TORONTO (Reuters) - Champion Iron Mine (CIA.TO) said Friday it will buy a Quebec iron ore mine for C$10.5 million ($7.65 million), just a sliver of the C$4.9 billion that Cliffs Natural Resources (CLF.N) paid in 2011, when metal prices surged on booming Chinese demand.
The downturn in bulk commodities allowed Champion to negotiate a “competitive” bid, said Chief Executive Michael O’Keeffe in a statement, including C$10.5 million in cash, C$41.7 million for environmental reclamation and about C$1.1 million for bonds.
Champion shares jumped 30 percent after the announcement to 19.5 Canadian cents on the Toronto Stock Exchange, while Cliffs stock dipped 4.1 percent to $2.09 on New York.
The Bloom Lake mine and related rail assets, along with Quinto Mining Corp mineral claims, are being sold under Cliffs’ restructuring of Canadian operations, which gave it creditor protection. The acquisition, subject to court approval, is expected to close in the first quarter of 2016.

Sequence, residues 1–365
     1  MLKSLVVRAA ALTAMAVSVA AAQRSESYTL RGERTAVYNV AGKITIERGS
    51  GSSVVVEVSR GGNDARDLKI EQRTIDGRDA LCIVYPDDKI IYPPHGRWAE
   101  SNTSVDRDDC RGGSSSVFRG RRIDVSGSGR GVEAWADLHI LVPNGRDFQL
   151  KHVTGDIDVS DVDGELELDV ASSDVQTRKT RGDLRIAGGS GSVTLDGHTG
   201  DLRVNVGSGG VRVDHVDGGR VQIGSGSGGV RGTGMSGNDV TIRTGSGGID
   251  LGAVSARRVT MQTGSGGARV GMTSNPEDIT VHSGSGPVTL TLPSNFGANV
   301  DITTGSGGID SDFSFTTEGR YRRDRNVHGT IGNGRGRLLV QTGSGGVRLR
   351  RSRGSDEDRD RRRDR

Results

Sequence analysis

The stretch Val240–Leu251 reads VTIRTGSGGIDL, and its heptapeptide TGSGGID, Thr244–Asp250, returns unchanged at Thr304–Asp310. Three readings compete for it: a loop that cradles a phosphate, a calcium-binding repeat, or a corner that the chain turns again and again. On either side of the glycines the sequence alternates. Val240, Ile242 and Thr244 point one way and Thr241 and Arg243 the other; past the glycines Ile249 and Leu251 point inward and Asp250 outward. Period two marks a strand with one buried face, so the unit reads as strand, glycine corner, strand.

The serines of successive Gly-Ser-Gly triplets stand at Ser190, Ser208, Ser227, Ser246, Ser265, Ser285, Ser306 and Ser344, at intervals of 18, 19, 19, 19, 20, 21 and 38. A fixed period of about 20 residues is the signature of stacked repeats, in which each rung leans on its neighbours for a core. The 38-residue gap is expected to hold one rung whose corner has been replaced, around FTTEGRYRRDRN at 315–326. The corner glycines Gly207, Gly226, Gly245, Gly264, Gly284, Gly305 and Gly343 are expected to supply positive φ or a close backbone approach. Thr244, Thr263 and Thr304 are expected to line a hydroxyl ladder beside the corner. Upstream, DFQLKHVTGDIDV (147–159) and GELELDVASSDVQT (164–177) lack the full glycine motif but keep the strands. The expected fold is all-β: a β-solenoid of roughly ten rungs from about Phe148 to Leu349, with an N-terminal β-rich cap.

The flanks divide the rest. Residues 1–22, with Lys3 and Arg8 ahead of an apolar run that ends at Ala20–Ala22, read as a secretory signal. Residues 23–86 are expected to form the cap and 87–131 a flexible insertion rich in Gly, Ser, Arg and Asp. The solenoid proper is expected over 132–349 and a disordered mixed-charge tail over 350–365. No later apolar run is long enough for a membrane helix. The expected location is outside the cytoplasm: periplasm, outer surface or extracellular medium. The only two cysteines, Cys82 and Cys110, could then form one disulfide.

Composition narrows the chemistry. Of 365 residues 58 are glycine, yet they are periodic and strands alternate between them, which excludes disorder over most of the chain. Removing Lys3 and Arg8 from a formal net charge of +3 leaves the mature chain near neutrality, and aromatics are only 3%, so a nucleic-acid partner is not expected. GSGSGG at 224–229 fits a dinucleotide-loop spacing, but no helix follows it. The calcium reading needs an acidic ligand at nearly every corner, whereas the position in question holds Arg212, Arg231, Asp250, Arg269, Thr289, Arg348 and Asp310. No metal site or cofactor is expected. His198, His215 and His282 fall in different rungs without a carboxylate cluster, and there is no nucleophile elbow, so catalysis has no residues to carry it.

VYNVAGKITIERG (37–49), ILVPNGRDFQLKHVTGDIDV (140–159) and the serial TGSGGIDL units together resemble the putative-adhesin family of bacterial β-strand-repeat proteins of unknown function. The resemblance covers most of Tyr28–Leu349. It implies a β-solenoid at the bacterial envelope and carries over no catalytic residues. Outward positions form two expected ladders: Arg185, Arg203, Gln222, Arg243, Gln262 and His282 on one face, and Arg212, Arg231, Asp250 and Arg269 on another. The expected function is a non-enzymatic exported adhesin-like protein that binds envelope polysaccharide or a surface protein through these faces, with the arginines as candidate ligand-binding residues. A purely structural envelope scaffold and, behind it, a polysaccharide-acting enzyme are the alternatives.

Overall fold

Cliffs acquired the mine from Consolidated Thompson Iron Mines in 2011, a deal once seen as a key driver of its future growth. Iron ore prices, approaching $200 a tonne at the time, are now at a decade low of $38.
Cleveland-based Cliffs had planned to expand capacity and reduce operating costs, but slumping iron ore prices and cooling demand for the steel-making material were exacerbated by higher-than-expected operating and capital costs.
Just one year after the acquisition, Cliffs took a $1 billion writedown on the deal and in late 2014, recorded a $4.5 billion write down for Bloom Lake assets.
The iron ore and coal miner filed for creditor protection of its Canadian arm in January, after moving to cease production at the mine when it failed to find a minority stake buyer.
Reporting by Susan Taylor; Editing by James Dalgleish